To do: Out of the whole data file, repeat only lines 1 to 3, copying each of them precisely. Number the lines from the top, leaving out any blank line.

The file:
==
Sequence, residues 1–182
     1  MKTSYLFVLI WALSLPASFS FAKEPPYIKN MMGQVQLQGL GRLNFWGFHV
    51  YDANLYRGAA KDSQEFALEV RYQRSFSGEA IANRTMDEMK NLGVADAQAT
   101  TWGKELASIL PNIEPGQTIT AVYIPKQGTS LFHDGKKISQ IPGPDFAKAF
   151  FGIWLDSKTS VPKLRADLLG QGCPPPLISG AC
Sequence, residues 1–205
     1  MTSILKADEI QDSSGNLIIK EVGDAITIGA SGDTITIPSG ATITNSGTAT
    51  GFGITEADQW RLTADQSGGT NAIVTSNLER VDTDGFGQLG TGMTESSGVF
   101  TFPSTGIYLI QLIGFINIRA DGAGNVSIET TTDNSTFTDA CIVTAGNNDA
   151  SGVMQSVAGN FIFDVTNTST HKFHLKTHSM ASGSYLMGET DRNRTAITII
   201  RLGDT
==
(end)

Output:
Sequence, residues 1–182
     1  MKTSYLFVLI WALSLPASFS FAKEPPYIKN MMGQVQLQGL GRLNFWGFHV
    51  YDANLYRGAA KDSQEFALEV RYQRSFSGEA IANRTMDEMK NLGVADAQAT